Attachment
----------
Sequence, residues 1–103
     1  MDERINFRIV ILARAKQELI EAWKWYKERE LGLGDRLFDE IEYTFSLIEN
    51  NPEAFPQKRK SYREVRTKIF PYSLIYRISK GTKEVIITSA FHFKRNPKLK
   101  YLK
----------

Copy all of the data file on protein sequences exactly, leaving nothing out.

Sequence, residues 1–103
     1  MDERINFRIV ILARAKQELI EAWKWYKERE LGLGDRLFDE IEYTFSLIEN
    51  NPEAFPQKRK SYREVRTKIF PYSLIYRISK GTKEVIITSA FHFKRNPKLK
   101  YLK